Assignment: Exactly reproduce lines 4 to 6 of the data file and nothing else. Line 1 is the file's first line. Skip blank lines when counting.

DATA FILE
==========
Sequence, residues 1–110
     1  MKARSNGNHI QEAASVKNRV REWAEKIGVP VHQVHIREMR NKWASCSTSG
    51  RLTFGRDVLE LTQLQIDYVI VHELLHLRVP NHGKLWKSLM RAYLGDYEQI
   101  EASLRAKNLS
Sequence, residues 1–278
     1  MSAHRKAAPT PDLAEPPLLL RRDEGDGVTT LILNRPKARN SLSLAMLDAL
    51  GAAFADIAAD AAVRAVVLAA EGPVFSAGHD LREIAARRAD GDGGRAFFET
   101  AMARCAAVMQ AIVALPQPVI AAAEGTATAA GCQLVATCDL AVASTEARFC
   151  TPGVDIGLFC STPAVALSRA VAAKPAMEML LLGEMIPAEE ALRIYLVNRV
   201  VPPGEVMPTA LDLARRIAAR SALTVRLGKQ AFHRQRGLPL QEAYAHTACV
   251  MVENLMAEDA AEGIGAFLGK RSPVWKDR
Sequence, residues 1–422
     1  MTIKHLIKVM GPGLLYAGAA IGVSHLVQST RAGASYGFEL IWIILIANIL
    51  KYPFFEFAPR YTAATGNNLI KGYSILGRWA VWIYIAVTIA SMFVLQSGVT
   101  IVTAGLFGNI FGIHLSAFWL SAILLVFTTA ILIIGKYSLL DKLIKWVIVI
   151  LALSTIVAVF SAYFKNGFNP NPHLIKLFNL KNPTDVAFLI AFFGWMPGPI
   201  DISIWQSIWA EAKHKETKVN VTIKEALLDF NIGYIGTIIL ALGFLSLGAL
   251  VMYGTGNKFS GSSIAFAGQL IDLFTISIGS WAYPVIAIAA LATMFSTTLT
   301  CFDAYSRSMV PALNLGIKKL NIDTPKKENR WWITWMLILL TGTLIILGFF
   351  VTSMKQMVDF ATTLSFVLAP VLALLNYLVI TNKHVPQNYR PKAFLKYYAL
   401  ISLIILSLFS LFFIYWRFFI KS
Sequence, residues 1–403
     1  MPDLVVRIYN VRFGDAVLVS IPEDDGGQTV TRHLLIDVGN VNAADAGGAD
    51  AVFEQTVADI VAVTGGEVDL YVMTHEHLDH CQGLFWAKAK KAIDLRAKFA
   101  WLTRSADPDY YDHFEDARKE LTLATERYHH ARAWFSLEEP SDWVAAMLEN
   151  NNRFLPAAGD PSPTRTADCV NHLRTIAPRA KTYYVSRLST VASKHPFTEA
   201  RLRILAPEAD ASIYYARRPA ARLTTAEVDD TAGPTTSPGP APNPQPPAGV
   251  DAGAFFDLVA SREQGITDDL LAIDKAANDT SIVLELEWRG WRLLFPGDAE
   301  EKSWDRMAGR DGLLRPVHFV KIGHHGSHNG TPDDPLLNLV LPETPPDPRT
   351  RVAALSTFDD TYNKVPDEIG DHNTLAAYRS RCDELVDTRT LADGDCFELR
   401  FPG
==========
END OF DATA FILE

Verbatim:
   101  EASLRAKNLS
Sequence, residues 1–278
     1  MSAHRKAAPT PDLAEPPLLL RRDEGDGVTT LILNRPKARN SLSLAMLDAL